One pleasant-looking middle-aged lady employed at a call center, after describing the technical possibility of taking breaks but the practical impossibility of doing so given the pay structure’s strong incentive to take as many calls as possible, breaks into tears as she contemplates the contrast between how hard she works and how poor she remains: she can barely provide for her kids, and if she gets sick herself, she implies, she might just have no choice but to lay down and die. Why, she asks aloud, do I have do live like this? An excellent question, and one whose answer it would interest me to see explored.

KB - Factory Complex 2

Yet Factory Complex, for all its power in depicting the remarkably arduous labor that went into the quickly industrialized South Korea’s economic “Miracle on the Han River” and the even more remarkable endurance of the women who did and continue to do so much of  it, doesn’t seem share that interest. This strange causal incuriosity (strange to me, anyway, a foreigner yet to do an honest day’s work) manifests in other Korean documentaries as well, even in the other documentary included in the Wildflower screenings: Park Bae-il’s Miryang Arirang (밀양 아리랑), about the titular farming town’s struggle to stop the construction of electrical towers.

That film, which includes plenty of visceral footage of young policemen struggling to subdue the foulmouthed grandmothers of Miryang, barely grazes the question of why the towers builders are so hell bent on putting them up there in the first place, and why they persist if — as we hear argued by interviewees — they’ve been rendered unnecessary by other power transmission infrastructure and will cause health problems in the nearby population. A case of bureaucratic inertia? A mindless continuation of Korea’s build-at-all-costs development policies? Or do those in charge of electrical tower construction maybe — just maybe — have a legitimate reason to do battle with these elderly farmers? We see a great deal of pain, resentment, and regret, but we never really find out the ultimate cause of it all.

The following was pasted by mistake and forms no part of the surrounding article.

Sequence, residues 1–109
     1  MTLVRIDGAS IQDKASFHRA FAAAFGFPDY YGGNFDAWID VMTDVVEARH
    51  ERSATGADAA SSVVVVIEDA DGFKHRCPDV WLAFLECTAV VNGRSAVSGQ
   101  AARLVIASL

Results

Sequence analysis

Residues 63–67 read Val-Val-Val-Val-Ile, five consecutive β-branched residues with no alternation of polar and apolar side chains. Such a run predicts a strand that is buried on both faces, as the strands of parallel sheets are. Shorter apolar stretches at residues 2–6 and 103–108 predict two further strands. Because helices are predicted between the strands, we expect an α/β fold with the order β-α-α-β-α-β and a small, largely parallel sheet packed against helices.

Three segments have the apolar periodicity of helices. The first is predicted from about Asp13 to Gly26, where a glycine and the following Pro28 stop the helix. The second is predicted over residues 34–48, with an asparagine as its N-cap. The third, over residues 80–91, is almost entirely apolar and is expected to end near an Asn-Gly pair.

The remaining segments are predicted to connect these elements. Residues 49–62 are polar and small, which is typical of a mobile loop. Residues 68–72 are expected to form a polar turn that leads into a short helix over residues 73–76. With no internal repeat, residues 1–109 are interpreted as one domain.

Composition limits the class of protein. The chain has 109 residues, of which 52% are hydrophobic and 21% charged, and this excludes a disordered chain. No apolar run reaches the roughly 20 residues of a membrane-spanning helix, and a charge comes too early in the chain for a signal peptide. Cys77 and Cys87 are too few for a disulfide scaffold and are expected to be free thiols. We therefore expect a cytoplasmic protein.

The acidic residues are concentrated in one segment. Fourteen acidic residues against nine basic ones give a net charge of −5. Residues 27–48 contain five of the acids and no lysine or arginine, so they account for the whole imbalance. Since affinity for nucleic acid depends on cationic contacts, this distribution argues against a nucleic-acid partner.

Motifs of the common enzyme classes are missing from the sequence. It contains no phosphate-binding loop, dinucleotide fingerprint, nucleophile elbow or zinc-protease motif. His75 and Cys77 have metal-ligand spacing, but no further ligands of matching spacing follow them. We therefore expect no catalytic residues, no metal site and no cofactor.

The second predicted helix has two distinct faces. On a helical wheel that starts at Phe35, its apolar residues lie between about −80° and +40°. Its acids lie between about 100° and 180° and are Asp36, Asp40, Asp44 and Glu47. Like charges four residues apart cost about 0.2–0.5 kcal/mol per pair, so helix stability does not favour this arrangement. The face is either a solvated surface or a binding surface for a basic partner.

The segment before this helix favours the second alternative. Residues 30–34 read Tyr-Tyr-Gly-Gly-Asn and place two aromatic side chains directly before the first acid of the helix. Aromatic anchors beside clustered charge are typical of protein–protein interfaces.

Some mainstream Korean feature films also work from the same worldview. Take, for example, Yoon Je-kyoon’s 2014 hit Ode to My Father (국제시장), often described as a Korean Forrest Gump for its retelling of the country’s modern history through the life of one representative protagonist. In his review, Korea observer Matt VanVolkenburg looks back to Yoon’s previous spectacle Tidal Wave (or Haeundae/해운대), whose central disaster “provided an excellent metaphor for the way in which Korean films of the 2000s have dealt with Korean history, portraying people as blamelessly going about their lives when suddenly history crashes into them and sweeps them off their feet. Some of these films have blamed outsiders, and have rarely attempted to explain why the events portrayed occurred.”

Deok-su, the Gump figure in Ode to My Father, begins the film as a child at the Hungnam evacuation of December 1950, when the U.S. Navy transported thousands of refugees from what would become North Korea to the safety of Busan, on the southeast tip of what would become South Korea. After he makes a promise to his father, who vanishes in the chaos, “to take care of his family (and makes sacrifices in the hope of meeting his father again), the moments in modern Korean history he takes part in occur when he follows others. He (obviously!) follows his parents when they attempt to flee Hungnam, while it’s his friend Dal-gu who suggests going to Germany and Vietnam,” where they labor as coal miners and contract soldiers. And “the ‘decision’ to have a child and get married was essentially thrust upon him by his soon-to-be wife, so much of his life is shaped by others’ decisions.”

KB - Factory Complex 3